The title is referring to Roy Childs.
I don’t know the writings of Roy Childs well; I’ve only recently stumbled upon some biographical work on him. It was on Twitter that I saw a link to that George H. Smith’s series, and the Tweet was a quote by Childs on anarchism. As Smith writes, Childs was originally an advocate of anarchism — which, I think, is pretty unique for an Objectivist (from what I gather from reading Reisman’s Capitalism) — and then recanted. He promised a piece that would explain why the sudden about face, but this was never finished and exists only in the form an opening fragment.
I can’t remember who deserves the hat-tip, but this morning I followed a link to a Yahoo group that has a short article by Childs pasted on its wall. It begins with a note by the editor, Joan Taylor, who writes,
During the early 1980s, Roy Childs mentioned to some of his friends that he had changed his mind about anarchism, and intended someday to write about the subject at length; exactly when and why this change occurred is unclear. He said to me once that the hostage crisis in Iran was a turning point for him, because it became obvious that when the Iranian students took the hostages, because of the de facto anarchy in that country there was no one with whom to negotiate for their release; but he didn’t argue the point further.
Whether you see merit in Childs’ case, as retold by Taylor, or not, this reminds me of two points that I’ve bounced around in my head before.
1. Recently, Gene Callahan published a short post on stoplights and intersections that work well without them. I don’t remember the exact contents, but the essential take away was: removing spotlights works well when you have alternatives. The broader argument, which was Callahan was implying, is that dismantling government is not really a solution; you need alternatives you can fall back on. This applies directly to case studies like Iran and Somalia. While I don’t think Iran was in “anarchy” during its revolution — just like Spain wasn’t an anarchy between 1936–39 and the United States wasn’t between 1861–65 —, the point still stands that a society without alternative institutions is going to suffer from a significant collapse. In the hypothetical case of Iran (or the United States) the collapse would be much greater than Somalia’s, because the latter didn’t really have strong political institutions to begin with (and a major institution of justice was already “privatized:” the Xeer and the Islamic courts). Anarchists should advocate a forward-looking transition, rather than a backwards-looking transition: private political institutions should gradually replace those of the State (assuming an anarchic society is possible — if these private institutions never arise, this might be good evidence that anarchy is not practical).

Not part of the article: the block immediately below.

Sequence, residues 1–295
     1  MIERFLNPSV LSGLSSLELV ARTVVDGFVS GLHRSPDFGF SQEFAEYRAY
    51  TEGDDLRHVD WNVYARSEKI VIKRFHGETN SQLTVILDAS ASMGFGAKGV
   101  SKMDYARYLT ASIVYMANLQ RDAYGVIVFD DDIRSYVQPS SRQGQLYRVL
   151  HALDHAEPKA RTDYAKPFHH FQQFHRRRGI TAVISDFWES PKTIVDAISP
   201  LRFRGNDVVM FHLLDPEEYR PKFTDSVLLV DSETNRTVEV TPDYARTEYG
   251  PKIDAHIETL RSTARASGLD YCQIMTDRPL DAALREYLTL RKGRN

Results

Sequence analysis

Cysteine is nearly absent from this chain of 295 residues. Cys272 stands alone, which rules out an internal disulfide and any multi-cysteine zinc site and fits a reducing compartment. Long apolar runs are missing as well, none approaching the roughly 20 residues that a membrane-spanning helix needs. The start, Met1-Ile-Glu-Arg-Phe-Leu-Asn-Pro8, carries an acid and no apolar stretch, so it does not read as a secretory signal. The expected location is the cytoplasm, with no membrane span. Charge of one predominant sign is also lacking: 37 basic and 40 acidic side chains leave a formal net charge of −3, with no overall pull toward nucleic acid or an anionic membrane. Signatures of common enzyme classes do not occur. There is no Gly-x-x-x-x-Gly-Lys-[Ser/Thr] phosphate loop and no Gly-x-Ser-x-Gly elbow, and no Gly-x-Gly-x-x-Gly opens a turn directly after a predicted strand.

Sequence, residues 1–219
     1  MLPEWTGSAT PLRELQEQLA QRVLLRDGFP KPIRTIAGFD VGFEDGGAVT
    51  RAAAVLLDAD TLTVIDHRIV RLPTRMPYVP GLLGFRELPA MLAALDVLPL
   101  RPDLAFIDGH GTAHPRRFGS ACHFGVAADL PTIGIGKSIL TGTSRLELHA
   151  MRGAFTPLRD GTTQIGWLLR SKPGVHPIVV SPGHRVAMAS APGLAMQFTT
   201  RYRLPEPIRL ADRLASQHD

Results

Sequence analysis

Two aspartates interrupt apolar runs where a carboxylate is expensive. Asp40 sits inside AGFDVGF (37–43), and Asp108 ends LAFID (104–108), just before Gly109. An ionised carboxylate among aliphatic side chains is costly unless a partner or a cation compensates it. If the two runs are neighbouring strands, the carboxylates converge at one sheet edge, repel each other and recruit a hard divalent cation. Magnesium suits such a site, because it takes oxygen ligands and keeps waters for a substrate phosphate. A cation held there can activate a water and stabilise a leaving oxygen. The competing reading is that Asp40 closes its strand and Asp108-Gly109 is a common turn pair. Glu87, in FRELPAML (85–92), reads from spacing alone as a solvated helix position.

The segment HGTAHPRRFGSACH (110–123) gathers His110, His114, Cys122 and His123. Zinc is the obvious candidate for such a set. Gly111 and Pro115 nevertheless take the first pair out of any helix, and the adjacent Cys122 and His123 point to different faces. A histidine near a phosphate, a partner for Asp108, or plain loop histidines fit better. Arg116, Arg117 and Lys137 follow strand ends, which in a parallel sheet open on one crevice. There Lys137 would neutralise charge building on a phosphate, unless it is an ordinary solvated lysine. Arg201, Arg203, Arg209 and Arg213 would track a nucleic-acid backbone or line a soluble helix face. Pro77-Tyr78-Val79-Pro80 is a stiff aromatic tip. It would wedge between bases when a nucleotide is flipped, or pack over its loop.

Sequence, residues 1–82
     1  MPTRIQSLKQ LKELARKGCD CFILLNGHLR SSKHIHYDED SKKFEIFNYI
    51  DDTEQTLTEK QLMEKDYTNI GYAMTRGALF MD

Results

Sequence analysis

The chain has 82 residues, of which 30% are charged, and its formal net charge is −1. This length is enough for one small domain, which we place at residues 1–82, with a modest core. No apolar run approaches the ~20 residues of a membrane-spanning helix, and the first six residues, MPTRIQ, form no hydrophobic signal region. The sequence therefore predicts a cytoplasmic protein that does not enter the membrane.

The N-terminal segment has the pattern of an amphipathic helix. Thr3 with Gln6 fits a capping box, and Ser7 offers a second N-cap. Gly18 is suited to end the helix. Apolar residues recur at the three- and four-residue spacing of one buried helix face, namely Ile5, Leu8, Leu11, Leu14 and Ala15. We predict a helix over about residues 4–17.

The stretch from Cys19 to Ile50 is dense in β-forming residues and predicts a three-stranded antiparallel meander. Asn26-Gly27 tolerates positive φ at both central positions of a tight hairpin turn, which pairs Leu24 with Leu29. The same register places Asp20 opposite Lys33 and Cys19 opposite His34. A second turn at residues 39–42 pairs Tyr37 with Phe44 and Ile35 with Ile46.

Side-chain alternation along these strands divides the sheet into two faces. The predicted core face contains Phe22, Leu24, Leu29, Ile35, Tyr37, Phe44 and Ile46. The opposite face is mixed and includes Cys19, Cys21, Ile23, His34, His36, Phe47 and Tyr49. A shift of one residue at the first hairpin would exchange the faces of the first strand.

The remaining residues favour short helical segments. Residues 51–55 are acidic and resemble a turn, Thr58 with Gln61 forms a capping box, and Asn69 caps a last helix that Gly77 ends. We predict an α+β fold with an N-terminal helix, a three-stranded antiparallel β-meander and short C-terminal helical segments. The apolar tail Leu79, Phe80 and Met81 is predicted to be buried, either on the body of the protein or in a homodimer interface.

2. Childs talks about the lack of negotiators. There is a small literature, including, notably, Robert Murphy’s Chaos Theory, on privatized justice systems, including on hypothetical legal arbitrage firms. What Childs’ point reminds me of is a reservation of mine: what happens when the criminal doesn’t want to cooperate with the victim or the victim’s representation? The common response I’ve read is that the criminal’s representative will take its client into custody, out of interest in maintaining good relations with other firms and other clientele. But, there’s nothing suggesting that criminals have to cooperate with their own representation; they could instead opt to go into hiding or move. What this suggests to me is that private justice would include a lot of things that a lot of libertarians prefer not to support: a de facto death penalty (i.e. lethal retribution) and ostracism. (Someone might not like the latter because it’s a weak form of justice in the case of the worst crimes.) Admittedly, it’s also worth considering that a private justice system might rely more on prevention than on punishment, but I think there are violent aspects to justice that might not be fully reflected in the libertarian literature.
Any thoughts are appreciated. This is a topic I think a lot about, but not one I necessarily keep up with by reading what’s published on it.